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Wikileaks Gets Domain Back, Injunction Dissolved 70

I Don't Believe in Imaginary Property writes "The judge in the Wikileaks case has dissolved the injunction against Wikileaks, which means that it can get its .org domain back. He defended his prior ruling because it was based on the pittance of information the bank and registrar had provided him, saying 'This is a case in which we had a (dispute) with named parties, and the parties were duly served. One of which properly responded and came to this court with a proposed settlement in this lawsuit... Nobody filed any timely responses to the court's order.'"
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Wikileaks Gets Domain Back, Injunction Dissolved

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  • Re:That's funny... (Score:3, Informative)

    by Atlantis-Rising ( 857278 ) on Saturday March 01, 2008 @12:05AM (#22607936) Homepage
    As a rule, the court doesn't bother doing that sort of thing. If somebody doesn't show up, they don't get to defend themselves, pretty much. That generally leads them to lose.

  • Re:bullshit (Score:4, Informative)

    by humphrm ( 18130 ) on Saturday March 01, 2008 @01:29AM (#22608204) Homepage
    Absolutely correct. The irony is that an injunction hearing is not technically "litigation", many people try to avoid "litigation" because without proper service and representation in court, you can't be held responsible. But in the case of injunction hearings, that doesn't hold true, and defendants need to be more selective about their use of the "hide to avoid responsibility" defense.
  • by KiahZero ( 610862 ) on Saturday March 01, 2008 @03:17AM (#22608578)
    I don't know what decision you're reading, but the order I'm reading seems to indicate that Judge White doesn't think that the Court has jurisdiction:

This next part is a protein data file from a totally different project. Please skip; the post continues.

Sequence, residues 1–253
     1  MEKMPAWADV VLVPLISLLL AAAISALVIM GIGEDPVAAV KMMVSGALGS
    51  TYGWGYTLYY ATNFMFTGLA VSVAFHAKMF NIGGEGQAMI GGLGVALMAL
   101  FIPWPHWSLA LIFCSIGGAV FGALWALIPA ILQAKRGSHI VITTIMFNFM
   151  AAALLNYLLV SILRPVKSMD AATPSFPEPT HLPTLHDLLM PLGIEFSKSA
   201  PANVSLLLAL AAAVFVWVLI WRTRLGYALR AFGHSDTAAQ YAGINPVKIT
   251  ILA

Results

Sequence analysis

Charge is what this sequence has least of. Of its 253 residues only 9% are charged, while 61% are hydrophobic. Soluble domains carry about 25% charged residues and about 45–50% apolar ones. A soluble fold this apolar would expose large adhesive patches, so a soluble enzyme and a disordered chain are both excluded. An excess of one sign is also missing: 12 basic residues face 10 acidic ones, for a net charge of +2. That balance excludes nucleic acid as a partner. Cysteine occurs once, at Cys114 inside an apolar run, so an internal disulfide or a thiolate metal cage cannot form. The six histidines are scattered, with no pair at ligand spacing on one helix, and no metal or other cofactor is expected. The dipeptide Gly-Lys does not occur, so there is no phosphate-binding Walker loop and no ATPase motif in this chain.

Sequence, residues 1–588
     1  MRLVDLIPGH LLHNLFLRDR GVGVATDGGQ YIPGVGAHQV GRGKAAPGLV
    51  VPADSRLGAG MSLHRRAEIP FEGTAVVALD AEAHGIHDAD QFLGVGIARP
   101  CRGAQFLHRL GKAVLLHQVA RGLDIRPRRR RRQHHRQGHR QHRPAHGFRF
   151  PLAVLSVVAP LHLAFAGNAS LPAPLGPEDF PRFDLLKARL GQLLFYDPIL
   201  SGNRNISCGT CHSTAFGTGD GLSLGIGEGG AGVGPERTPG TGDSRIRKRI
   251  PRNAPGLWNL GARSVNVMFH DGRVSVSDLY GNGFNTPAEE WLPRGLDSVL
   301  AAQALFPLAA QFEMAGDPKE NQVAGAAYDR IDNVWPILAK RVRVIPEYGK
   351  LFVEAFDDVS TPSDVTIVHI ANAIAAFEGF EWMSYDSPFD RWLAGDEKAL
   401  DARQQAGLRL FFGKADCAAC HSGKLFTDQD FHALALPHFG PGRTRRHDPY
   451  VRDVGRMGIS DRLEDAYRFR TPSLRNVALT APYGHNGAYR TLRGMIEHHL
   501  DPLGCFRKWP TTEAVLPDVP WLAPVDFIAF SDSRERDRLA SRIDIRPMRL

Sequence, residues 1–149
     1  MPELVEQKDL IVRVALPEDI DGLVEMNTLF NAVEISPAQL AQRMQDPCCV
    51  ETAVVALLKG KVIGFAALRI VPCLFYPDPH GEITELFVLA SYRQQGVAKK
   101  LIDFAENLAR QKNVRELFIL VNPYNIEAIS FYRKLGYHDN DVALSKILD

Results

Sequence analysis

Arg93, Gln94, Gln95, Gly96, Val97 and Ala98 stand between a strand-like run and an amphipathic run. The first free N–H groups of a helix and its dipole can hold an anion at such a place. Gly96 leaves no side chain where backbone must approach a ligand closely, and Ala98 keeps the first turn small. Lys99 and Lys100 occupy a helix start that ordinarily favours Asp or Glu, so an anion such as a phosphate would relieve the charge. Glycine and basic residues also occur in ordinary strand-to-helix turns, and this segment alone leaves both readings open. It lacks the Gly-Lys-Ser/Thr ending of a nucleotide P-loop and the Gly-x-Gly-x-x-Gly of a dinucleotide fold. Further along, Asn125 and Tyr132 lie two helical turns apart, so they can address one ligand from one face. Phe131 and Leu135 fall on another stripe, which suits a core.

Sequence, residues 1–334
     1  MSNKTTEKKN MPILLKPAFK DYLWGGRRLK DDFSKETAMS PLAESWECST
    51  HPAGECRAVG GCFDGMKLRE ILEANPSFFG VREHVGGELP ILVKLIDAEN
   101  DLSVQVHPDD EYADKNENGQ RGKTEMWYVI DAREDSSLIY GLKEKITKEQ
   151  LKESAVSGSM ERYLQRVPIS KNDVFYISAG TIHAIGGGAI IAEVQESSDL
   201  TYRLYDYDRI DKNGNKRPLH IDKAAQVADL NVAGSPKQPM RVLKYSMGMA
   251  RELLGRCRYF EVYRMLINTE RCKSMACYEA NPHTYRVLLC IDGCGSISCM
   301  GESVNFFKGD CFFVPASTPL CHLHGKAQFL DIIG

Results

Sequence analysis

http://www.eff.org/files/filenode/baer_v_wikileaks/wikileaks102.pdf [eff.org]

    From the founding of the federal courts, it has been unanimously held that "the courts of
    the United States have no jurisdiction of cases between aliens." Montalet v. Murray, 8 U.S. (4
    Cranch) 46 (1807). The Ninth Circuit has adhered to this rule. "Diversity jurisdiction does not
    encompass foreign plaintiffs suing foreign defendants." Cheng v. Boeing Co., 708 F.2d 1406,
    1412 (9th Cir. 1983). The presence of citizen defendants does not preserve jurisdiction as to the
    alien. Faysound Limited v. United Coconut Chemical, Inc., 878 F.2d 290, 294 (9th Cir. 1989)
    (citing Boeing, 708 F.2d at 1412). In order for the Court to exercise subject matter jurisdiction
    over this matter, complete diversity must be established under the original Complaint. See
    Owen Equipment & Erection Co. v. Kroger, 437 U.S. 365, 373 (1978).
    The Court is concerned that it may well lack subject matter jurisdiction over this matter
    in its entirety. 1
    1) Although Plaintiffs pleaded jurisdiction under 28 U.S.C. 1350 for a "civil action
    by an alien for a tort committed in violation of a treaty of the United States," the Complaint
    does not state a cause of action under any specific treaty, and counsel for Plaintiffs conceded
    that the Court does not maintain jurisdiction under this alternative ground. (See Compl.,
    Additionally, while I don't remember much from Civil Procedure, I do recall that appearing in court to challenge personal jurisdiction doesn't grant the court personal jurisdiction.

Doubt isn't the opposite of faith; it is an element of faith. - Paul Tillich, German theologian and historian